Other publishers may choose to go deeper into topics, which produces engaged, loyal, and passionate repeat viewers/readers. In this case, a focused choice of a limited number of channels may serve them better. Perhaps they’re a trade publication and users would be best served by the vanilla web + newsletter combination. Sure, they should still have basic social presence for spreading content around, but more than that might be a distraction.
There are plenty of other choices across the channel strategy spectrum. A mobile app with highly-relevant push notifications can do wonders to mobile engagement. Making content available in mobile aggregators such as Apple News and Flipboard may also be appropriate. Web push is a low-cost channel that does not require going through any platform. Publishers who offer content in AMP format get rewarded by Google (who created the standard). Chat-based news delivery (more on that below) does work for some verticals. And the list goes on.
The basic question, however, remains: Where does your audience go and what kind of relationship are you hoping to build with them?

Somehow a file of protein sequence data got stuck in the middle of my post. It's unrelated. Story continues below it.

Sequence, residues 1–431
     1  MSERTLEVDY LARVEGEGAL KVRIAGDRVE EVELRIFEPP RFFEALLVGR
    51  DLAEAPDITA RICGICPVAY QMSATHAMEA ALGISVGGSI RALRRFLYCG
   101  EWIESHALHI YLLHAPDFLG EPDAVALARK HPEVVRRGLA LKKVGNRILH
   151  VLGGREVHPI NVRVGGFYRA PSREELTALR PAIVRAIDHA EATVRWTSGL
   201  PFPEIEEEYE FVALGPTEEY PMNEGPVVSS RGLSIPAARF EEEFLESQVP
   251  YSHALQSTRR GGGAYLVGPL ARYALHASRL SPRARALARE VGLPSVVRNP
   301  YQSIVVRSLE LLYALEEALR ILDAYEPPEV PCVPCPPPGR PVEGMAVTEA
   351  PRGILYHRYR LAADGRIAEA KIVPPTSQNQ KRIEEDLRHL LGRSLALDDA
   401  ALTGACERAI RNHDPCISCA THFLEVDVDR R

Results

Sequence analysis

A discussion of channels would be incomplete without a word of caution about those channels that you cannot control - e.g. social networks, third-party aggregators and so forth. These platforms have their own priorities and you are not one of them. All other things being equal, a platform you largely own - web, newsletters, your own app - is always better.
Having said that, the huge discovery boons such platforms can offer are enough to tempt almost anyone. For instance, one hot topic not long ago was video. Someone has probably asked you, “what’s your video strategy?”. Unfortunately, this was mostly driven by platforms experimenting with video for their own strategic reasons (why else?) and trying to incentivize and “recruit” publishers to their efforts. Persuasive as the platforms can be, the record shows that publishers who are enchanted to go along are not always rewarded for their efforts. (Need I mention the days where getting more “likes” to your page was considered to be sound investment?)
Of course, it’s not that video does not make sense. If your audience demands it, video can be a great format to have in the mix. And if playing the “what’s giving me more distribution now” game makes sense for you, by all means go ahead. But always start with the reader or viewer in mind.
Monetizing via ads: Coping with big tech
There is now a de-facto duopoly over online advertising: Google and Facebook dominate with a scale of data and and audience reach never before seen.